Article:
Results from the first 2018 consultation 

    Issue 1: Registration of children who are electively home-educated

    Q8. How effective are the current voluntary registration schemes run by some local authorities? What would be the advantages and disadvantages of mandatory registration of children educated at home, with duties on both local authorities and parents in this regard?

    Government response – A.7 The government accepts that a register of children who are educated at home would help local authorities to deal effectively with children for whom it is not clear that the education provided is suitable, whilst having a minimal impact on the families of children who are being suitably educated at home. To this end, it is publishing a consultation paper on the issues involved.

    Q9. What information is needed for registration purposes, and what information is actually gathered by local authorities? Would it help the efficacy of these schemes, and the sharing of information between authorities, if there were a nationally agreed dataset or if data could be shared by national agencies, such as DWP or the NHS?

    Government responseA.15 The government continues to believe that data sharing between local authorities, and between local authorities and other agencies, would enhance the effectiveness of registration. However, it accepts that there are significant data protection factors, and will address the data sharing and associated data protection issues in the proposed legislation.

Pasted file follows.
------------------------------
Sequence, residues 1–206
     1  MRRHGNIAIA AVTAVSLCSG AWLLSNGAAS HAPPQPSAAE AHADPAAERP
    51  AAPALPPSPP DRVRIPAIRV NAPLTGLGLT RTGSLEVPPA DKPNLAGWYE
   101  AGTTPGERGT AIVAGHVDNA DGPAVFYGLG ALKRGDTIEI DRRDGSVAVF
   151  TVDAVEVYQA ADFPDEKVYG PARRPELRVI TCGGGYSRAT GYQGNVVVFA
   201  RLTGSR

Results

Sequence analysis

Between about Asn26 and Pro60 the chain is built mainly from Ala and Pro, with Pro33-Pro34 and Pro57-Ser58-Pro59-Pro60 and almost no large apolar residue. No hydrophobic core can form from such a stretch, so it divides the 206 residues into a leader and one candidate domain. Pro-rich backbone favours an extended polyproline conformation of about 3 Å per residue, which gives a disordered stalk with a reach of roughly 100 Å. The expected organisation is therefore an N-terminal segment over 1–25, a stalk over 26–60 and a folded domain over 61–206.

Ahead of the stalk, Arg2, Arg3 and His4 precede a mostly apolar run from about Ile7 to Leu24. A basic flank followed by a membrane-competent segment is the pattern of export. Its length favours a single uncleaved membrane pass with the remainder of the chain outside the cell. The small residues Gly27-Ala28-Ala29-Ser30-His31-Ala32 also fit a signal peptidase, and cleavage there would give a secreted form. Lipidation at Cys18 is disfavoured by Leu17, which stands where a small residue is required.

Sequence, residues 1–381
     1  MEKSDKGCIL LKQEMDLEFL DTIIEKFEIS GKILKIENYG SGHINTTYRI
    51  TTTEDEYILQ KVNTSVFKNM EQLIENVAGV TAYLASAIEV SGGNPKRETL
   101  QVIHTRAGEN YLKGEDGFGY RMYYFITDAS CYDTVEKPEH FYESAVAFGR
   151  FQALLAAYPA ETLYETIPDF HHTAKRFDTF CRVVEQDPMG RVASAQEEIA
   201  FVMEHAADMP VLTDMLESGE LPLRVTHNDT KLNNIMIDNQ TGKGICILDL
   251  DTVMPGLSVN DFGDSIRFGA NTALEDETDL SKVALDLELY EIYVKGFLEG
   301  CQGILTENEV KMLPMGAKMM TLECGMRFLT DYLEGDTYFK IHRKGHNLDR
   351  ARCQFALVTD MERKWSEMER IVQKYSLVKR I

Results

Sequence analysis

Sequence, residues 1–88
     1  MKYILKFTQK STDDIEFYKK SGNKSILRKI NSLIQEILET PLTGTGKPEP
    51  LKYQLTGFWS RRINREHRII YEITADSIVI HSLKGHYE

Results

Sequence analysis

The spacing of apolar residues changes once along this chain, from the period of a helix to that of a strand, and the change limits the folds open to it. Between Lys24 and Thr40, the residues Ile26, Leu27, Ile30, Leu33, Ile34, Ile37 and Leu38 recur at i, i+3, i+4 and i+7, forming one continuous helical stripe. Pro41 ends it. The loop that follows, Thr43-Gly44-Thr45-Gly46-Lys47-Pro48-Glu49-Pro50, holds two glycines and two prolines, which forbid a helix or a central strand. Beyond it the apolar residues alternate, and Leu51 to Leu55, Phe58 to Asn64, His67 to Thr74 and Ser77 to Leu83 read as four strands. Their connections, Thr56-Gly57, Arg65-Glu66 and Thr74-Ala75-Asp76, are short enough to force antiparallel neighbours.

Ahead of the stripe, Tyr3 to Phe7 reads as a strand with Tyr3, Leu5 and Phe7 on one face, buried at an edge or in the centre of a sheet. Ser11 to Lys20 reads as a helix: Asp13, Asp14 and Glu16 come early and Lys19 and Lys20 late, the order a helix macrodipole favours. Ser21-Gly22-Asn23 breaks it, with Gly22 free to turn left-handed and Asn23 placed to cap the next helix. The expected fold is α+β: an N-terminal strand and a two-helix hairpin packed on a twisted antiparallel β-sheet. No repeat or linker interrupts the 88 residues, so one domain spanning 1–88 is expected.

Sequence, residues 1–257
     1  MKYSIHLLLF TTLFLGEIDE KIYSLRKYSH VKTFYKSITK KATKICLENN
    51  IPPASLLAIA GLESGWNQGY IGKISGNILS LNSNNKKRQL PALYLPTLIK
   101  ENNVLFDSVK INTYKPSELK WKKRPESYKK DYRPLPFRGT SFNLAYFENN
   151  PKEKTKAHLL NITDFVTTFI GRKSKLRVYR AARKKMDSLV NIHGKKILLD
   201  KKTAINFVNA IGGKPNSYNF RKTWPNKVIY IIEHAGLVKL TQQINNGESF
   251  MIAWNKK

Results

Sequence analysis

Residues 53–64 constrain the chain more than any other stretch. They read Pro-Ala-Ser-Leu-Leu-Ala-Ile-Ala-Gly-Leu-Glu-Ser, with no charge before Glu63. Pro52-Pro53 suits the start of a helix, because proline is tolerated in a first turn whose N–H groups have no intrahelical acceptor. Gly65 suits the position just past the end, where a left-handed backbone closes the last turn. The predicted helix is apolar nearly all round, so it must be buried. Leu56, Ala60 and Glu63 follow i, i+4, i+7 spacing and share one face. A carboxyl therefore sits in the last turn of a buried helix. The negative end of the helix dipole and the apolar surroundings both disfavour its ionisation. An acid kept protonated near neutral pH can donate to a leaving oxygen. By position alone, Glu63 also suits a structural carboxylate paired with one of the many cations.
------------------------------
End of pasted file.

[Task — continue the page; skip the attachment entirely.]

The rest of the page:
Q.10 Does experience of flexi-schooling and similar arrangements suggest that it would be better if the scope of registration schemes included any children who do not attend a state-funded or registered independent school full-time? If so, do you think that local authorities should be able to confirm with both state funded and independent schools whether a named child is attending that school full-time?

    Government response A.22 The government believes that there would be substantial advantages in extending the scope of registration beyond home education, to include all children who do not attend a state-funded or registered independent school, and the consultation proposals are based on that.

    Q11. Would the sanction of issuing a school attendance order for parental noncompliance with registration be effective, or is there another sanction which would be more useful?

    Government response – A.32 The government accepts that there is divergence of opinion on this issue and will be seeking views in the consultation on the consequences of non-compliance with a registration requirement, although the consultation paper makes clear what the government’s preferred option is within possible legislation.